Substance abuse disorders impact more than 10% of Americans. Unfortunately, more than 20.3 million Americans struggle with addiction each year. More than 30% of people with a substance abuse disorder also have a mental health disorder, meaning that they have a co-occurring disorder and comorbidity. When you have a medical condition, like diabetes, and a substance abuse disorder, you have a comorbid condition. But what is comorbidity? When you have either a mental health disorder or a medical condition as well as an addiction, you have a comorbid condition.
Having a comorbid condition can make recovery more difficult because symptoms of one condition can worsen symptoms of your other condition. It is important when you struggle with a comorbid condition to find help from a dual diagnosis treatment center or bipolar disorder treatment programs.
What is Addiction?
Drugs and alcohol are neurotransmitter inhibitors that cause your brain to release more neurotransmitters than it should. It floods your body and mind with pleasurable chemicals like GABA, serotonin, and dopamine. This rush causes your brain to associate drugs and alcohol with pleasure, which changes your brain’s pleasure and reward system.
Your body and brain can become dependent on your substance of choice in order to function and feel normal. When the effects of your substance of choice wear off, your brain is depleted of neurotransmitters which leads to depressed moods and intensified cravings. Once you become addicted to your substance of choice, you can have withdrawal symptoms within hours of your last use.
Addiction can also:
- Cause medical and mental health problems
- Increase your risk of experiencing legal issues
- Lead to personal, familial and marital conflict
- Damage your finances
- Cause mood and personality changes
What is Comorbidity?
So, what is comorbidity definition? The comorbidity definition is when you have a substance abuse disorder and a medical or mental health condition at the same time, or one right after another. Some common comorbid conditions that occur with addiction are:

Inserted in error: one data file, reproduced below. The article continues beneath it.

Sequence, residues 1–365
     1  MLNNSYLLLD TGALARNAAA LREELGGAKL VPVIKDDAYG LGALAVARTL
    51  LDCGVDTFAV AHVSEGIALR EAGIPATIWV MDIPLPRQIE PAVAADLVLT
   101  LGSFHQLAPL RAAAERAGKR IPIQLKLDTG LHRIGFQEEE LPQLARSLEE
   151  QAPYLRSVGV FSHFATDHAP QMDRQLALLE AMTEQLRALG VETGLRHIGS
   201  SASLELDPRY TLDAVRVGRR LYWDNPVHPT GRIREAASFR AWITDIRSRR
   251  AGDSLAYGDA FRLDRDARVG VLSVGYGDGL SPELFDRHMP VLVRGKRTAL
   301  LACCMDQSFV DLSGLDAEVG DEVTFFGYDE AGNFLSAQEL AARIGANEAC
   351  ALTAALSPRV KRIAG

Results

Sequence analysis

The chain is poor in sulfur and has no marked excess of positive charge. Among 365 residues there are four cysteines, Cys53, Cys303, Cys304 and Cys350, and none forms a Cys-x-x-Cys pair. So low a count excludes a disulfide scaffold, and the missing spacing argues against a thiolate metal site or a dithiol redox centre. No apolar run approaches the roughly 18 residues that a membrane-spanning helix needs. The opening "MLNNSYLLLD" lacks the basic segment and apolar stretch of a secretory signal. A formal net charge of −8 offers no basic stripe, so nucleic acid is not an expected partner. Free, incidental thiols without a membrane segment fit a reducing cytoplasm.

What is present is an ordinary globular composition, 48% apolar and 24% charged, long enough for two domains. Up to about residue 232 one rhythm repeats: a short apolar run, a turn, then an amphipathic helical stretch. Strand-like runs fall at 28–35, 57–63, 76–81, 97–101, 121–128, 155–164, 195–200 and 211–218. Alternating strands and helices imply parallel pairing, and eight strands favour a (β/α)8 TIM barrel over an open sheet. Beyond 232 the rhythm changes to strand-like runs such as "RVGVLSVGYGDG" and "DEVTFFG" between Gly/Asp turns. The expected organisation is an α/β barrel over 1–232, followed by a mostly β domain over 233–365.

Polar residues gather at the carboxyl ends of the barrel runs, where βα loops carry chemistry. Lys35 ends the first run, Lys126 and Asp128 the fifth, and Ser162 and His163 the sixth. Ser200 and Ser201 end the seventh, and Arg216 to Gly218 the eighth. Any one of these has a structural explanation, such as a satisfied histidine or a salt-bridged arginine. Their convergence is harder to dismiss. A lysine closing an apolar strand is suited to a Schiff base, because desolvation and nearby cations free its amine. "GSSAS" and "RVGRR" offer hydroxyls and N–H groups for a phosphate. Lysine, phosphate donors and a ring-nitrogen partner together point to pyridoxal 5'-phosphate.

- Depression and major depression disorder
- Diabetes and endocrine
- Mood disorders
- Anxiety disorders
- Neurological conditions, including head trauma
If you have an addiction and a mood disorder, dual diagnosis and bipolar disorder treatment centers can ensure that you receive help for your mental health and substance abuse conditions, side-by-side. Addressing underlying mental health symptoms decreases your chances of relapsing. Negative emotions like stress, depression, and anxiety can increase cravings during recovery.
Overwhelming emotions also play a strong role in addiction, because they can cause you to abuse drugs and alcohol as a means to self-medicate. In fact, when you struggle with a mental health disorder or certain medical conditions, like chronic pain, you are more likely to develop a substance abuse disorder.
Finding Help Today
When you battle addiction, you can feel frustrated and lost, especially if you have a comorbid condition. Reaching out for help is the first step in the recovery process. A dual diagnosis treatment center can provide you with the support, understanding, and tools you need to overcome addiction. Call us today at 855.786.1978 to learn more about our programs and what is comorbidity.